Defence and aerospace company BAE Systems is using software to undertake an internal skills audit of its IT staff in an initiative designed to help it use IT personnel more efficiently.
BAE is using a tool called Infobasis Enterprise Skills Infrastructure (ESI), a web-based system that will help to categorise and manage the skills among BAE's IT workforce.
The project grew out of a small pilot in March, and was rolled out last week to cover a focus group of 150 employees. At the end of November BAE will expand it to cover 500 UK employees across 20 UK sites.
Using ESI, BAE will audit its internal IT skills against the Skills Framework for the Information Age (SFIA). The skills framework provides a common reference model for identifying IT skills and has been adopted by a number of large organisations, including the Ministry of Defence.
Previously, BAE grouped its IT employees with either engineers or project managers, which made it difficult to gauge its internal levels of expertise.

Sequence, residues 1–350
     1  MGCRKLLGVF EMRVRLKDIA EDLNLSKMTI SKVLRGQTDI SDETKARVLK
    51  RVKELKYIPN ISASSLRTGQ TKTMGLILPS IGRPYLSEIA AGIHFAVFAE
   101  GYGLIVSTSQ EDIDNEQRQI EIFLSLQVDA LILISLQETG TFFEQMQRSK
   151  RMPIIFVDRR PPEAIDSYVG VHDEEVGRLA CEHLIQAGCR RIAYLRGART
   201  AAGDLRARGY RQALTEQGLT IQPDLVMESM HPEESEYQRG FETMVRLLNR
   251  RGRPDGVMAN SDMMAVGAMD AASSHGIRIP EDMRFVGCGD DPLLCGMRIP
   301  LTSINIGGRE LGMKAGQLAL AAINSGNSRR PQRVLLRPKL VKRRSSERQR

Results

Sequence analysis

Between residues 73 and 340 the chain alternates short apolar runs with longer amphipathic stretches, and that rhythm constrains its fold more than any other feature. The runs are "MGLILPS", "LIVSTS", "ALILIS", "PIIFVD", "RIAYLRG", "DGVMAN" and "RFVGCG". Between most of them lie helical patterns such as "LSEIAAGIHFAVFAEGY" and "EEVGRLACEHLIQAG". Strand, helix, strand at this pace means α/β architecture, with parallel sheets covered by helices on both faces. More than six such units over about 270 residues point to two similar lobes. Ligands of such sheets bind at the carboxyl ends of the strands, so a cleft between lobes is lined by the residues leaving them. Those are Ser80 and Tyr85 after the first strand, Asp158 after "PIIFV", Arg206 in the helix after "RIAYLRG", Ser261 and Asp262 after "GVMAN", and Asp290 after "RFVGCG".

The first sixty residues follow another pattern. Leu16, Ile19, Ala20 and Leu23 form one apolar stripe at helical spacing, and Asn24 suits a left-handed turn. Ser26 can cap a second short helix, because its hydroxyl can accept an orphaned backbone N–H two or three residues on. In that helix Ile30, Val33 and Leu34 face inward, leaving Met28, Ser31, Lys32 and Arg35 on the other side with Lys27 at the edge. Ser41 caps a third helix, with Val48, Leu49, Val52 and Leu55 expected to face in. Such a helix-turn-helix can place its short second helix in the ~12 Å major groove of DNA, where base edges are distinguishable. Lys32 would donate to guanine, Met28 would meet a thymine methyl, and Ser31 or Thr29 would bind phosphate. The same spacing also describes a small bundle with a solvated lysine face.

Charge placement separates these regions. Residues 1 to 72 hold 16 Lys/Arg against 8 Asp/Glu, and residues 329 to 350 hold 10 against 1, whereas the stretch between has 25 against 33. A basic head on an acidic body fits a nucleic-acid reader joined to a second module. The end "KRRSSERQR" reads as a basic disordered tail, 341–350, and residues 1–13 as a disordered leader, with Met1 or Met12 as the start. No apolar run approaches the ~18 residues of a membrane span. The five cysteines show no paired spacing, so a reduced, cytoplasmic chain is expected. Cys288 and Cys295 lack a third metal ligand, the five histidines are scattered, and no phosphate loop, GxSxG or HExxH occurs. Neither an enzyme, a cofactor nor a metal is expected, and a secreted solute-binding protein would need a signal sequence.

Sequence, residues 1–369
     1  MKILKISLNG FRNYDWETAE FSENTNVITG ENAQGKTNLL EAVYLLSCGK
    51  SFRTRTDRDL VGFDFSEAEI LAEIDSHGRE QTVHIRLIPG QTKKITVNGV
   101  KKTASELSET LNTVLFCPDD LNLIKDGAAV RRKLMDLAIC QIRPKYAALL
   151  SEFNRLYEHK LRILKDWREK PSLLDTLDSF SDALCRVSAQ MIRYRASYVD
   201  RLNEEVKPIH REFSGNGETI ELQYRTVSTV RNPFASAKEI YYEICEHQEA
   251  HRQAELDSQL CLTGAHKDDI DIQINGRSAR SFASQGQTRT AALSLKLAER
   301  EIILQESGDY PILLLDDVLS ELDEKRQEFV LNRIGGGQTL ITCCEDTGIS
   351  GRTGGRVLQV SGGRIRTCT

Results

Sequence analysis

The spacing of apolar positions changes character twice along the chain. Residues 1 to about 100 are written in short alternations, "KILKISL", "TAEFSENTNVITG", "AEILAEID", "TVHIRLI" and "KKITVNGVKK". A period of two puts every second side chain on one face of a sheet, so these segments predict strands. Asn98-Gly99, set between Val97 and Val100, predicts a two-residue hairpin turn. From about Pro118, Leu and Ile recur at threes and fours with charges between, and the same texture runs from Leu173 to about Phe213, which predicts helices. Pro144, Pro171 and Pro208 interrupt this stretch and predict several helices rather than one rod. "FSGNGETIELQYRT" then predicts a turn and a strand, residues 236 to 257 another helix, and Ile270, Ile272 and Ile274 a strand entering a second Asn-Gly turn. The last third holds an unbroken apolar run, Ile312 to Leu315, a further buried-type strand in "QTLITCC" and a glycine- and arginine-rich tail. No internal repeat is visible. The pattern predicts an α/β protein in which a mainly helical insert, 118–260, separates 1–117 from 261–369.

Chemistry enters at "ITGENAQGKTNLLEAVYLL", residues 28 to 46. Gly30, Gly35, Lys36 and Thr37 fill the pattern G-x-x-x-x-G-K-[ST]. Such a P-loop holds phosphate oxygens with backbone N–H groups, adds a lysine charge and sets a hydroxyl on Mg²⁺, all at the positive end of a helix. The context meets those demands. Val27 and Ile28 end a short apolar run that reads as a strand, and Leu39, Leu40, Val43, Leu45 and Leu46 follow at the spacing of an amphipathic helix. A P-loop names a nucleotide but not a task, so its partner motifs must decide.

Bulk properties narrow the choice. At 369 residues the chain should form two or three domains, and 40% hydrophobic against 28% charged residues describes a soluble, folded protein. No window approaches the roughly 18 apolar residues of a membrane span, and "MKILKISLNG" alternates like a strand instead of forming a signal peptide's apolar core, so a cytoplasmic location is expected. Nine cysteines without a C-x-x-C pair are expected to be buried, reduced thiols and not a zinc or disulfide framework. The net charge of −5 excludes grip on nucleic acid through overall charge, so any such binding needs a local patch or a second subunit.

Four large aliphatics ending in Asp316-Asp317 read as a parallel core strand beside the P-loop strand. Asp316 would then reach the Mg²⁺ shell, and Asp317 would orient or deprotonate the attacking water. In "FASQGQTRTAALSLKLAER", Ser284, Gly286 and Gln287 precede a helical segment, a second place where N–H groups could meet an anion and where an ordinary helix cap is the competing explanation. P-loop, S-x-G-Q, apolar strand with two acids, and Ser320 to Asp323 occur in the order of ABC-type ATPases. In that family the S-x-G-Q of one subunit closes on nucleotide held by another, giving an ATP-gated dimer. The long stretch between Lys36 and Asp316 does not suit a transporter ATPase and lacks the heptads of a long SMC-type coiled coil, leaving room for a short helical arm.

Adrian Fallows, project manager at BAE Systems, said, "The company benefits by having the right people doing the right job with the right capabilities, and lower recruitment costs, based on a belief that our attrition rates would be lower as morale increases.
"It is important to us to ensure that our IT staff have a clearly defined career path and are aware of the professional requirements they are expected to meet. Using the new system people will feel better utilised, and have greater job satisfaction. They will have a skills development profile, with focused training and a clear opportunity to enhance their career."
Another driver behind BAE adopting ESI was that the MoD - one of its supplier partners - had already put SFIA into place to define the roles of its IT staff, and was starting to frame its skill requirements from BAE around the framework, said Fallows.
BAE is considering rolling out Infobasis ESI to cover staff in other countries, particularly North America.